Two years ago come spring I inquired to an ad on Craigslist for pasture lease in Shelton, WA. I was in Olympia for a few days to complete my registration at The Evergreen State College and begin what would become an arduous process of moving. Massive life changes were forcing me out of my home on San Juan Island and I was making hard decisions fast. I didn’t know if Olympia was where I wanted to live or if Evergreen was the right school for me but I knew I had to do something and Olympia seemed as good a place to start over as any.
I had been scouting the listings for housing and horse boarding for weeks without finding anything and was starting to worry that moving with three horses and three dogs would be an impossible feat. But something about the ad’s description of idyllic setting with goats and chickens and small family tugged at my heartstrings. I dialed the number and Heather picked up immediately. I asked her if she would consider renting me the pasture for my horses and also allow my mobile tiny home, with me and my three dogs living in it, and which would need water and electricity. She said yes, and told me to come see the property. But we got halfway to Shelton from Olympia and I had some serious bouts of wishy-washy feelings. Shelton seemed too far from campus, or rather… too far from home, as if the extra thirty miles was beyond my emotional capacity, adding insult to injury. I was traveling with my friend Danny, who was along for the surfing but who complicated things further because he happened to be living with me and didn’t want me, or the house, to leave. We pulled over at the junction of 101 and Route 3 and I remember the day so clearly as it was bright, warm, and sunny for early spring. I called Heather and told her we had changed our minds and wouldn’t be coming, that the commute from Olympia was longer than I thought and that I didn’t want to waste anybody’s time needlessly. I sat in our farm truck on the side of the highway and listened whilst Heather talked me into coming to meet their family. Later on, after we would become friends, Heather told me she had had a strong feeling about me and just knew, intuitively, that we were supposed to meet.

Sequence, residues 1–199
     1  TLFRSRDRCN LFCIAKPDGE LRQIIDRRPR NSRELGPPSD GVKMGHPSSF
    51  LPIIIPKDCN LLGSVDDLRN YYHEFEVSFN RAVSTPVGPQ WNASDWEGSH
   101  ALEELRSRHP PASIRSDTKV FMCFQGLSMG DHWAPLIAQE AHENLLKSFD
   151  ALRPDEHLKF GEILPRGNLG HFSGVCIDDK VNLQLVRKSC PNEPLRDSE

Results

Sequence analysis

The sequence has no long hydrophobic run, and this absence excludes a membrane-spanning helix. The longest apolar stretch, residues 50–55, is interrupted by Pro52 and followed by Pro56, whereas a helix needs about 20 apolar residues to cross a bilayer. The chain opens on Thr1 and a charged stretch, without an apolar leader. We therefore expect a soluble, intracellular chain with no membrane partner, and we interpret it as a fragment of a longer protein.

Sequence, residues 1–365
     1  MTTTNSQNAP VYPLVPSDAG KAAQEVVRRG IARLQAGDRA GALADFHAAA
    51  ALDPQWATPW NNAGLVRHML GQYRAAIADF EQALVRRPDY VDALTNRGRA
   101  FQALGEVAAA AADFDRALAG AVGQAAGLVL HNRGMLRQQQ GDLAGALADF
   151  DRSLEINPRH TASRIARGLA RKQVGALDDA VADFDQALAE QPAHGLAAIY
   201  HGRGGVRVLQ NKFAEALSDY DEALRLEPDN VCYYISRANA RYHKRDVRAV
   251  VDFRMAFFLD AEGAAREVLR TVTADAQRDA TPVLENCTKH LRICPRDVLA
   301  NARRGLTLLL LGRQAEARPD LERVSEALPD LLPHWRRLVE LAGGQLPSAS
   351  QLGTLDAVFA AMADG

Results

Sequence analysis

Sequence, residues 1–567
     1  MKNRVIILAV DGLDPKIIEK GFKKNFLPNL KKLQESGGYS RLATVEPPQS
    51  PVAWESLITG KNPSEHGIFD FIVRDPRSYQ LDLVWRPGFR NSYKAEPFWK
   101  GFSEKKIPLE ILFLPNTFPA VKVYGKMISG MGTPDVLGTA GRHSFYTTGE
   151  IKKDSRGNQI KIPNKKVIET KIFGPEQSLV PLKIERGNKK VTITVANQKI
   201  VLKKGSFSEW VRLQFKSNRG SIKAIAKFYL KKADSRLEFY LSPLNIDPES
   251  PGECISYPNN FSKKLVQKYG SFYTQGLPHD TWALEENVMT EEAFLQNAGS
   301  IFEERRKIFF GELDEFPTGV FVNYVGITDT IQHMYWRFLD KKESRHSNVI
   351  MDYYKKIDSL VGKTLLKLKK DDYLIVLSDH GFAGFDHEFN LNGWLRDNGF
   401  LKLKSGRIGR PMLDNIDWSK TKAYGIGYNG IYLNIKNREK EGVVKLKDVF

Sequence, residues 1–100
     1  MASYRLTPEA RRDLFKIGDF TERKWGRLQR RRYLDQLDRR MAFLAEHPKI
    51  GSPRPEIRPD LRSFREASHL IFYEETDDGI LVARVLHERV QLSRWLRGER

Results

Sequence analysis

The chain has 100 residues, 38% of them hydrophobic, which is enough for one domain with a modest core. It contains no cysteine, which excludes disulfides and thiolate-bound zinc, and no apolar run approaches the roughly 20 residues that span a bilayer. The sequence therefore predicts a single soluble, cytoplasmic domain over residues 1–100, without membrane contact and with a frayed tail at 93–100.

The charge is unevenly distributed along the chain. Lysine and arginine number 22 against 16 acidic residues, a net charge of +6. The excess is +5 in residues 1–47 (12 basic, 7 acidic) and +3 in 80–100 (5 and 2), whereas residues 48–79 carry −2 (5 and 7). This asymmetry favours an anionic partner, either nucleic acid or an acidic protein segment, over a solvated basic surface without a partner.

What was supposed to be an afternoon’s tour of Heather and Ty’s mini farm turned into an invitation to dinner and free overnight camping. And whilst I did not end up moving my tiny house nor my horses to the Heslop’s, they introduced me to their friends John and Patty O’Sullivan from whom I rented a different tiny house and to whose property I eventually moved my own… a long and lovely heart story I will save for another posting. One year of friendship and college courses later and I received the news that I had been awarded internationally for photography and invited to exhibit my work in Barcelona. And in the same week, Ty Heslop accepted a job at the military base in Rota, Spain and they decided to move there with their entire family. The Heslops departed on September 15, 2018, and my plane left for Barcelona on October 1st. After the opening ceremonies of the Barcelona Foto Biennale were complete, I rented a car and traveled the length of Spain to visit the Heslops as they settled into their new life in Rota. I’m not sure who was more excited to see whom… me, the Heslops, or the dogs… but it’s needless to say that we all take our Craigslisting pretty seriously ;)
When your heart longs for what it knows, a familiar face can take the place of the entire world you left at home. The following is a photographic series of Brock and Brody Heslop, who have taught me that the world is the length of a little boy’s leap, and as large as his dreams to leap again, and again.
Taken in Rota and Bolonia, Andalucia, Espana.